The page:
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Re: [ba-ohs-talk] Re: Rethinking Licensing

Eric Armstrong wrote:
> I don't see the issue. What about the system makes it more
> domination-prone than other alternatives? What alternatives
> do you suggest?    (01)

The point is that we need a system that fights domination prone systems.
Your system just is another domination prone one -- not a
meta-domination-unprone one like the GPL.    (02)

> Most importantly, if I google "gui toolkit" today, none of the
> considerations below necessarily result in MS being the only
> alternative I see -- or even the first alternative I see.    (03)

Yes, but so what. They aren't used much in practice (and by that I mean
not that they are invisible or that thousands don't use them, just that
almost everybody uses VB and MFC.)     (04)

> Tell me how the kinds of the user-rated sorted we've discussed
> previously on this list would not completely obviate your concerns.    (05)

Any kind of user feedback will improve things...
Still doesn't mean the system can't be monopolized.    (06)

> And finally, there is no one who would begrudge MS total
> domination of the market, to the extent that is earned. Certainly
> not I. If the functions I need consistently work better, faster, and
> more reliability with software they provide, then they are more
> than welcome to make a buck on any unit I sell.    (07)

I would at this point.     (08)

Do you really want to entrust all your personal data, all your medical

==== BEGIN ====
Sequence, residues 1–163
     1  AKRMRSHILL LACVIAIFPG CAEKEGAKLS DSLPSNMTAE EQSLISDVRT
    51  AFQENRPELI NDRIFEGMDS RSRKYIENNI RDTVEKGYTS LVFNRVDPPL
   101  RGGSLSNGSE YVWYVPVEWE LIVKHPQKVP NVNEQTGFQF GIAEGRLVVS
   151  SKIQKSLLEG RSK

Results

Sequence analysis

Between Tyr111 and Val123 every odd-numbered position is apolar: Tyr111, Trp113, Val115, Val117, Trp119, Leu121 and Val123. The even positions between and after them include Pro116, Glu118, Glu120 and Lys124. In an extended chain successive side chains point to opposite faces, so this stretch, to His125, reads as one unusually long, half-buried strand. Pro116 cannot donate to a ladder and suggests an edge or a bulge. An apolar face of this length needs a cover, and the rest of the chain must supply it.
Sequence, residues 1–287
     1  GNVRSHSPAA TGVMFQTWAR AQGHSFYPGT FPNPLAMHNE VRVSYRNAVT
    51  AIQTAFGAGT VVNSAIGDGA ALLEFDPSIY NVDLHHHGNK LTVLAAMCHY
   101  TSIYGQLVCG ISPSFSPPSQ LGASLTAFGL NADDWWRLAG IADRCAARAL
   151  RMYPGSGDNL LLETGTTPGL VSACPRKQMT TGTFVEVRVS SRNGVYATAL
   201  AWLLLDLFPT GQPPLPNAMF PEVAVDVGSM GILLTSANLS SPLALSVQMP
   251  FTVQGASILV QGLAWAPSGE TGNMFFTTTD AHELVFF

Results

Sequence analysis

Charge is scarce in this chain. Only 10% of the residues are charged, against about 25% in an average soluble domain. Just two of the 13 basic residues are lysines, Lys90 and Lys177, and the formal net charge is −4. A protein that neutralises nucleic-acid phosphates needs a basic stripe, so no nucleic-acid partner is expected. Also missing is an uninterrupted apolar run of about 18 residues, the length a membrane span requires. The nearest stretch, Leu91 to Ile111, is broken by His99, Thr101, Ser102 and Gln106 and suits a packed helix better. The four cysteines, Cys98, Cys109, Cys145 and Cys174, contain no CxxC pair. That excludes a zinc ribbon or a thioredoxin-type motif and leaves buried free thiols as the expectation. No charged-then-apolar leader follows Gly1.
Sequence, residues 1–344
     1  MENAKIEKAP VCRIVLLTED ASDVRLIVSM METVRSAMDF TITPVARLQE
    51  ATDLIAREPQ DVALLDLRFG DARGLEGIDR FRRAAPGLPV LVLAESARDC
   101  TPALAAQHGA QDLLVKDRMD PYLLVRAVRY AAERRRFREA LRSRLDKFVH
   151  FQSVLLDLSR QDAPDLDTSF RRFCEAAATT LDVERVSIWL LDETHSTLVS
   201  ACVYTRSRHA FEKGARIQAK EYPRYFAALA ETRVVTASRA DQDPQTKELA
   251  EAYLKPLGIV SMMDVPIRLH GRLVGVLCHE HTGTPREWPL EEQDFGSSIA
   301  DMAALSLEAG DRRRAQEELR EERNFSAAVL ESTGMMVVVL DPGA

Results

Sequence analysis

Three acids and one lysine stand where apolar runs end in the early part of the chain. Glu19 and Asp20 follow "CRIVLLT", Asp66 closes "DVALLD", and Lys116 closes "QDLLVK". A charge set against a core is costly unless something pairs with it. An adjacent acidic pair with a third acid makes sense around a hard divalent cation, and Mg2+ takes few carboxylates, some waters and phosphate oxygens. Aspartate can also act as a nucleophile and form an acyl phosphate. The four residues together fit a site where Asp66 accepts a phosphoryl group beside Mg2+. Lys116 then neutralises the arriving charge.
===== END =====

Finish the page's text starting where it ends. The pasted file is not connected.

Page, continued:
records, all your bank balances, all your everything, to any one
provider, no matter how good they are or seem to be now, when you can't
have the foggiest notion of what is going on behind the scenes because
it is proprietary. Do you want to use systems where you have no right to
audit the vendor or their products, but you have to agree to let the
vendor in your door to audit you accounts and your machines anytime they
want (as Microsoft site licensors must agree to)? Do you want to use
products whose licenses prohibit you from discussing them?    (09)

Countries across the world are starting to reject Microsoft software and
potentially full of hidden trapdoors and spyware and security problems.
Do you want to undo that by giving their proprietary approach more power
by making all systems in the world rest upon a fundamentally unfree
approach?    (010)

> Nor have you addressed the possibility of limiting revenue streams
> to a pre-determined percentage of a sales price. Such a move
> prevents some "monstor" from owning 99% of the revenues for
> anything you write, doesn't it?    (011)

Yeah, well copyrights were supposed to be for a limited time too. They
are effectively infinite now. We'd probably see the "Bill Gates" revenue
extension act to make the maximum 99.999% "to promote innovation" down
the road.    (012)

Remember, you have to assume Microsoft or another monopolist will set
the policy.    (013)

> What exactly is the problem?    (014)

The problem is that proprietary software is unfree. Unfreedom in one
arena of society may easily translate to unfreedom in other areas. It
currently is. Unfreedom in drug laws has created and still sustains a
variety of social ills as well as undermining respect for the justice
system. Unfreedom in software and content will almost certainly do
likewise, especially as laws get increasingly passed to restrict fair
use and to ultimately force payment for every viewing.     (015)

Or, as a story, this is the problem:
  http://www.gnu.org/philosophy/right-to-read.html    (016)

-Paul Fernhout
Kurtz-Fernhout Software 
Developers of custom software and educational simulations
Creators of the Garden with Insight(TM) garden simulator
http://www.kurtz-fernhout.com    (017)